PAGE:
A woman opening an umbrella. Collotype after Eadweard Muybridge, 1887.
- Muybridge, Eadweard, 1830-1904.
Public Domain Mark
About this work
Animal locomotion. ... Copyright, 1887, by Eadweard Muybridge. All rights reserved.
[Philadelphia] : [University of Pennsylvania], 1887 ([Philadelphia] : [The Photo-gravure Company], 1887)
1 print : collotype ; image 25.5 x 29.5 cm.
One of 781 collotypes which form Eadweard Muybridge's magnum opus, Animal locomotion, 1887. This work originated in an attempt to settle the argument which arose in 1871 between Leland Stanford, president of the Central Pacific Railroad, and Robert Bonner, owner of the New York Ledger, as to whether a trotting horse ever had all four feet off the ground at once. Both men were prepared to enter the controversy fully and to contribute ideas and practical means to prove his side of the argument. Muybridge's solution was to photograph each stage in the trot of a horse called Occident owned by Stanford. Some of Muybridge's photographs did appear to show Occident with all four of his feet lifted at the same time clear of the ground. The research and photography for Animal Locomotion was carried out for the University of Pennsylvania in 1884-1885, using and improving the techniques developed in the 1870s. Of the 781 plates, 95 were devoted to the horse and 124 to other animals. The other 562 are devoted to men, women, and children, nude, semi-nude, and draped, walking, running, dancing, getting up and lying down, wrestling, boxing, leaping, etc. For further information see G. Hendricks, Eadweard Muybrige, London 1975, and R.B. Haas, Muybridge: man in motion, Berkeley 1976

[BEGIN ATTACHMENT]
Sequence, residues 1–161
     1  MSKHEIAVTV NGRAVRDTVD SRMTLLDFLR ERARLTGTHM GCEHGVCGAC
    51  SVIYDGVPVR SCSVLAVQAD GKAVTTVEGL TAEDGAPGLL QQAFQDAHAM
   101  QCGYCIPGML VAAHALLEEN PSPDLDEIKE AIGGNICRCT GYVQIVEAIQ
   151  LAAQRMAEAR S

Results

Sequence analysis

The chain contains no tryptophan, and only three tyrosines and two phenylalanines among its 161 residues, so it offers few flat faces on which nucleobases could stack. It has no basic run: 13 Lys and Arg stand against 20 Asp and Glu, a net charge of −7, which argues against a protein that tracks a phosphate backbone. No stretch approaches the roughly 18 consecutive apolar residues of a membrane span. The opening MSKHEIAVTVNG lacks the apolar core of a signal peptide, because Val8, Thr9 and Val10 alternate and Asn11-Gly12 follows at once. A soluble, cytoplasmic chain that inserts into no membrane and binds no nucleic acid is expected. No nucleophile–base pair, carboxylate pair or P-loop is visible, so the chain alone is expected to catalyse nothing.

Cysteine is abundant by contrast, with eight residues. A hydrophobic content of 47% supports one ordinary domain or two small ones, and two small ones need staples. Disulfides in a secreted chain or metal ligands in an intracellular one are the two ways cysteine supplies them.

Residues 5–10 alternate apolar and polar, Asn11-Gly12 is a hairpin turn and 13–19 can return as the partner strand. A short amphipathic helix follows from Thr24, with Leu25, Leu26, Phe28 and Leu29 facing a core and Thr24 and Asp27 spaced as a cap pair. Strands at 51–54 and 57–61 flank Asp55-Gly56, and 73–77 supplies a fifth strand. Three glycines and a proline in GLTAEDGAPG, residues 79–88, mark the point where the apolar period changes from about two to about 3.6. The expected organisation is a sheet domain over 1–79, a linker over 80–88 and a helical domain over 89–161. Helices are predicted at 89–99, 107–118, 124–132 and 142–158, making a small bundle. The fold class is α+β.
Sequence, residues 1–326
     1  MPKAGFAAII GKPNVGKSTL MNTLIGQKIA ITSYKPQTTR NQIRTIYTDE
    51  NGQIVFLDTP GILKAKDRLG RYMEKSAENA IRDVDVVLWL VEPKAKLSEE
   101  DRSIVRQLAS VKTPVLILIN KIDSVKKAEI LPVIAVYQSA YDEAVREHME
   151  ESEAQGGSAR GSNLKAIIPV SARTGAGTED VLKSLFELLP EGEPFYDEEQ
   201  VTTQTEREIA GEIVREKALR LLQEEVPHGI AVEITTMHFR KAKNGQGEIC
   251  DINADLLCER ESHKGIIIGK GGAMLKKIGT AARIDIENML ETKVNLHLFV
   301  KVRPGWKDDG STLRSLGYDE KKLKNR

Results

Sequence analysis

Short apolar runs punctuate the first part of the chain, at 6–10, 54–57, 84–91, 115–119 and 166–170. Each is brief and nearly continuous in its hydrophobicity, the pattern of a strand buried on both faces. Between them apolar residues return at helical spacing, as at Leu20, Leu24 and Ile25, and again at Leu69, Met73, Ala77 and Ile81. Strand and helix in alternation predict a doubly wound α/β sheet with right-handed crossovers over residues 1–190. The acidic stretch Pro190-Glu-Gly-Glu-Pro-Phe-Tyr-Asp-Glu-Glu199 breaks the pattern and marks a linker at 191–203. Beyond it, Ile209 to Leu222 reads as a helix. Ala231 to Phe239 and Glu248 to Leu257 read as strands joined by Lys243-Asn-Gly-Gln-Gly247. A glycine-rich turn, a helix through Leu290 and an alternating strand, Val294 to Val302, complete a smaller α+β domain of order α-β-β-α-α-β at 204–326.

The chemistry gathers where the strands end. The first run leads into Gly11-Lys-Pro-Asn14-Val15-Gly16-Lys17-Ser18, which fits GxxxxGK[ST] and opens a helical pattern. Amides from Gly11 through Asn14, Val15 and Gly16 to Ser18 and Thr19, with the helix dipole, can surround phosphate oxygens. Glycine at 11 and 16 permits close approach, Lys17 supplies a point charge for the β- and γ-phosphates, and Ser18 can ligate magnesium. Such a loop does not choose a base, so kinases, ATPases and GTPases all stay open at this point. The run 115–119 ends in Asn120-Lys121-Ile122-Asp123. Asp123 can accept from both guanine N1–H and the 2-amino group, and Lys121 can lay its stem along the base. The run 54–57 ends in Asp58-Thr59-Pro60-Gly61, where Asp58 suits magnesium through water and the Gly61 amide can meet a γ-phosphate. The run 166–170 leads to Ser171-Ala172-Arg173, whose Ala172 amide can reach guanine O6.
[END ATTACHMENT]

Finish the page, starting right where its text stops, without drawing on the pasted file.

Wellcome Library no. 27485i